The horse situation was the first time we realized just how strange the mortals had become. Zaznel and another human had tried to explain it to me numerous times, but I remained bewildered. After the seven seals had been opened, a group of mortals took two of the four horses- the pale one and the red one. The mortals made “videos” with the horses that they somehow shared through tubes. I think he said that these videos spread like a plague, which made no sense to me, since the plagues had already come and gone. Zaznel had shown me the videos, and honestly, they were really quite boring. The horses were just eating or sleeping or walking around. I shook my head. “I still don’t understand about the horses. Why would anyone watch that?”

“Apparently people here like seeing nature and animals. Most of them are really cut off from the natural world. It was sort of like panda-cam, but with our horses.”


He looked at me with an expression that bordered on pity. I held up my hand. “I don’t need to know. It’s more important that we find the mortal Fred and set him on the mission. We’re going to need him, not only to help with finding the trumpets, but to pose as a buyer.”

We stood to leave. I looked around for an empty trash bin, but all were overflowing. It was the end of the world, after all, and trash removal hadn’t been a priority. I took Zaznel’s empty cup and stacked it with mine, transforming them both into a small ball of latte-colored light.

The next thing I felt was someone tugging on my wings.

“Excuse me, do you work here?”

I turned to see a rather angry looking mortal looking up at me. I was about to tell him that we had important angel business to attend to when Zaznel responded calmly, “How may we help you?”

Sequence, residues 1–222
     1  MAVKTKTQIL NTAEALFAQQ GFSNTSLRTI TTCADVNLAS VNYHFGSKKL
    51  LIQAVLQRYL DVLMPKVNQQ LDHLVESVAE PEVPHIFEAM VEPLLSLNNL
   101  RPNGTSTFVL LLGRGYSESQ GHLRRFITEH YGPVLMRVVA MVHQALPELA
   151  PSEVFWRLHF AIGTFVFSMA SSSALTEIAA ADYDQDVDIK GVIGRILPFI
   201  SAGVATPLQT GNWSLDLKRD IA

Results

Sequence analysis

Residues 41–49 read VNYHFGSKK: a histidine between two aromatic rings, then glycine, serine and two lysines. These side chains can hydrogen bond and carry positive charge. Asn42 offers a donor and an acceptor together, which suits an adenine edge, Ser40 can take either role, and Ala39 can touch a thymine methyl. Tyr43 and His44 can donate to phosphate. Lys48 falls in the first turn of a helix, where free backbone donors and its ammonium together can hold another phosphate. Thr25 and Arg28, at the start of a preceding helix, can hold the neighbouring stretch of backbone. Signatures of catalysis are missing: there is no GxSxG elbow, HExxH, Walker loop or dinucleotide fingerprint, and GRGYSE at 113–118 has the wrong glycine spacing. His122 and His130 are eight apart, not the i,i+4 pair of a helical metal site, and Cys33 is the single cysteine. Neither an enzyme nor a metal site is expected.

The man’s face flushed red with frustration. “It’s been years, and I’m still waiting for judgement. What is the hold up? I should have been in one of the first groups to go up, but look at this.” He showed me the slip of paper with his number, which truth be told, was quite high. It was clear that he’d be waiting awhile longer.

He continued, “Look, I’ve been a Christian my whole life. I was saved! Saved! So why am I still standing here, while people I know to be sinners have been taken up. Just today I saw my neighbor, a real piece of work. She- “

“Sir,” I cut him off, “we are processing souls as quickly as possible. Might I suggest that you pass the time with prayer?”

His face turned an even deeper shade of red, and I imagined he was about to say something he’d regret, but once again Zaznel spoke, while a shimmery white aura surrounded him. The effect added just the right amount of holiness to his words, “So the last shall be first, and the first last. For many be called, but few chosen.”

This calmed the man some and he nodded. “Matthew. Of course. I understand. But you can’t expect me to be happy about it. I’ve filed multiple complaints and still no action. This is not how the rapture was supposed to happen.”

I agreed with him, but it’s not like there was anything I could do to help. It wasn’t my department, and I was hesitant to send him back to a cathedral to register another complaint. Those teams had been absolutely overwhelmed. Whenever I thought we had it bad, I remembered the “Mortal Satisfaction Offices” the angelic order above us had set up, and what a terrible idea that was.

The man stormed off and Zaznel and I were alone again. He turned to me. “I know the stakes. If we don’t get the trumpets back…”

I nodded solemnly. “We’ll get them back.”


We found the mortal Fred leaning against an aged and dirty wall of a storefront that was currently being used as a soup kitchen. A lit cigarette hung from the young man’s mouth. The despair of the place seemed to permeate from the myriad of cracked bricks and boarded up windows that surrounded us. The whole area set off alarm bells in my head. How on Earth was this unkempt man from this decrepit neighborhood going to help us retrieve the holiest of holy trumpets? We were doomed for certain.

Fred extinguished the cigarette under his shoe, but kept it between his two fingers as we walked. “Sorry,” he muttered. “I know this is a dirty habit. I quit, before all this.” He gestured at me, and then shook his head. “Man, I still can’t believe this.”

“What can’t you believe?” I asked.